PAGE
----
A Duluth woman may become the second person – and first woman – on record to hike the entire Ice Age Trail in Wisconsin during the winter.
Emily Ford, 28, who is the head gardener at Glensheen Mansion in Duluth, began her 1,200-mile journey across Wisconsin via the Ice Age Trail on Dec. 28, 2020, in Sturgeon Bay, Wisconsin.
It's expected to take her about 70 days, hiking 20-ish miles a day, spending most of her nights camping outside, the Duluth News Tribune reported. She'll be accompanied by Diggins, an Alaskan husky sled dog that she borrowed from a friend’s kennel.
Ford has shared a few updates on her journey on Facebook, with her most recent post coming on Monday saying she and Diggins are planning to hike zero miles on Tuesday, taking a much-needed rest day. She noted that they're both healthy and strong, tucked away in a heated outbuilding.
In the post, she thanked Martin Luther King Jr. for making it possible for people like her to do the 1,200-mile hike through Wisconsin. She told the Wisconsin Journal Sentinel in early January that one of her goals with this hike is to show others, especially Black women, that they can do it too.
On Jan. 16, she posted to say she's hiked about 300 miles along the 1,200-mile trail and has met a ton of great people along the way. She noted she couldn't have asked for a better partner than Diggins, adding the dog loves roadkill.
When asked why she decided to tackle the journey in the winter, she noted that there's not much gardening to do in Minnesota in the winter – and she hates mosquitos, the Journal Sentinel said.
What's the Ice Age Trail?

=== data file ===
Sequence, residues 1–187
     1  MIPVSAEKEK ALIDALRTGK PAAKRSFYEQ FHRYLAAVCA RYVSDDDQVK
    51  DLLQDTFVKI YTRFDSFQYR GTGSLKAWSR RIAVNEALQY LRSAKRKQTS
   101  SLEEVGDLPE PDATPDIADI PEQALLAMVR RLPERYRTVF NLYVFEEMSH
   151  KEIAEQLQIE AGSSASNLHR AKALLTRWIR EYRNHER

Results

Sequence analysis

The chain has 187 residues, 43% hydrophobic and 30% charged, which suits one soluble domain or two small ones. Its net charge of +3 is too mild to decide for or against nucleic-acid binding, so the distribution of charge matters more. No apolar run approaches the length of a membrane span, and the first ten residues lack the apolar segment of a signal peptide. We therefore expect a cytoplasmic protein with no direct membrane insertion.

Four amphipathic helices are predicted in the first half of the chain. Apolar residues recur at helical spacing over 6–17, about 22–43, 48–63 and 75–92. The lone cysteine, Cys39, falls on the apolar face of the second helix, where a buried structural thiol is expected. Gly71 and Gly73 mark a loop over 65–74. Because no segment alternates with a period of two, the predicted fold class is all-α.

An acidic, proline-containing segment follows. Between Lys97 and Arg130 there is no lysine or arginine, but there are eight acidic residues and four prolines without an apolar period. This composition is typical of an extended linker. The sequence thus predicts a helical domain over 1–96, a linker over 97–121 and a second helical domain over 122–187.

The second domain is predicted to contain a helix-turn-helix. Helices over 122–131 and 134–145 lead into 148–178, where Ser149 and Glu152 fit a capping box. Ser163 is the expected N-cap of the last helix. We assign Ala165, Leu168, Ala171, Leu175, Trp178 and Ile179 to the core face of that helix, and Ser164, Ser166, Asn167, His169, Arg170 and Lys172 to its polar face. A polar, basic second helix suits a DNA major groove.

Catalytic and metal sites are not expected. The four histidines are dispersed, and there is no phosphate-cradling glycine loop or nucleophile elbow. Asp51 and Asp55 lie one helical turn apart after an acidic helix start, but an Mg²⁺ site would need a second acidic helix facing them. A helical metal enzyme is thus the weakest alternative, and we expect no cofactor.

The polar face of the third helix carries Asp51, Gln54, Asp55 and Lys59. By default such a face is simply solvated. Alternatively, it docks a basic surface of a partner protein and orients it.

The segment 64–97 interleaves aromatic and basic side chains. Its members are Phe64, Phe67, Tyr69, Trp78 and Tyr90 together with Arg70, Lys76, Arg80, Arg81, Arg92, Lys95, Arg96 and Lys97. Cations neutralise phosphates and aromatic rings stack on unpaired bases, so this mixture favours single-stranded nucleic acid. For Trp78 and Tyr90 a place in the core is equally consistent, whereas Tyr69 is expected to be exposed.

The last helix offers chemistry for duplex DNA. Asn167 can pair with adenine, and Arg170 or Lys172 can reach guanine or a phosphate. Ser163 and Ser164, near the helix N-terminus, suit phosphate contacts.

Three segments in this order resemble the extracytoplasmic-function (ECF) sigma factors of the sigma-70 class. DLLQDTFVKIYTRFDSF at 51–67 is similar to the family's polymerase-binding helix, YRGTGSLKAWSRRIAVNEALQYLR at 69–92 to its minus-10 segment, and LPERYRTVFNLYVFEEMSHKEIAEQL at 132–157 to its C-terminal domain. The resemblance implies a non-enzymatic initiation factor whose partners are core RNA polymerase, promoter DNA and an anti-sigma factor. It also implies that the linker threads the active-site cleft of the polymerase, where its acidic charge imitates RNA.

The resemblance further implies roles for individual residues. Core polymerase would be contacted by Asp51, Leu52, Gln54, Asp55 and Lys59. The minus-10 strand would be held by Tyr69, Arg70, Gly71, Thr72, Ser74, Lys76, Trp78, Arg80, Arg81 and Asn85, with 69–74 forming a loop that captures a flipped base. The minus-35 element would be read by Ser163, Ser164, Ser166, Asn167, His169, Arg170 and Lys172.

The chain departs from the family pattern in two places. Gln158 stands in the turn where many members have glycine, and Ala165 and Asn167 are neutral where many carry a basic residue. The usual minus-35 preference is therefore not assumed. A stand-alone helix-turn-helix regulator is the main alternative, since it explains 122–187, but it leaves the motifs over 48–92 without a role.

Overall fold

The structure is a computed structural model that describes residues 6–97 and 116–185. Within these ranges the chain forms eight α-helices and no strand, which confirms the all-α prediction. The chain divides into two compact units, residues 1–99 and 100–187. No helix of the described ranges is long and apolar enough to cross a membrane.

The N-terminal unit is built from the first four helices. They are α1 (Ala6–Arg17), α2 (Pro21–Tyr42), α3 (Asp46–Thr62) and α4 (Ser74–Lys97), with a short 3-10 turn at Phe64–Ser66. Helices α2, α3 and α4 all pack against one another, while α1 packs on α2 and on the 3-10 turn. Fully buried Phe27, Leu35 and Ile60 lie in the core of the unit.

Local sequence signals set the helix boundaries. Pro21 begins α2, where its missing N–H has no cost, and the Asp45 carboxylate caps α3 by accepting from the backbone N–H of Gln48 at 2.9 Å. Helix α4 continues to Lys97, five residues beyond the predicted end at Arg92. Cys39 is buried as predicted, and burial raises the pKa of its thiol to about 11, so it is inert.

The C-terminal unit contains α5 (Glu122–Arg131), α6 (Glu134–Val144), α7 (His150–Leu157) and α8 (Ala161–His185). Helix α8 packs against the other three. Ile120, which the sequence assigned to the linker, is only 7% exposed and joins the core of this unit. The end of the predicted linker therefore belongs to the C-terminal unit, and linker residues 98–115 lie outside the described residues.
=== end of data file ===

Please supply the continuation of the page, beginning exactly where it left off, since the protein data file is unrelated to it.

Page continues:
The Ice Age National Scenic Trail traces the edge of the glacier that covered Wisconsin during the Ice Age 15,000 years ago, when mammoths, sabertooth cats and cave lions roamed the earth, the National Park Service says.
The nearly 1,200-mile trail stretches from Potawatomi State Park in Sturgeon Bay, Door County, Wisconsin to the west, ending at Interstate State Park in St. Croix Falls, Polk County, Wisconsin, on the Minnesota border, according to the Ice Age Trail Alliance. The trail was established in 1980, and highlights what that giant glacier left behind (lakes, river valleys, rolling hills and ridges). It's one of 11 national scenic trails and its entirety is in the state of Wisconsin.
While dozens of people have thru-hiked the Ice Age Trail (hiked the whole thing in one go), only one person is on record as having completed a thru-hike of the trail in the winter, the Duluth News Tribune said.
Mike Summers of Oregon was the first person to complete a winter thru-hike of the Ice Age Trail. He did it back in 2017, when it took him 58 hiking days and five zero days (rest days), the Journal Sentinel said.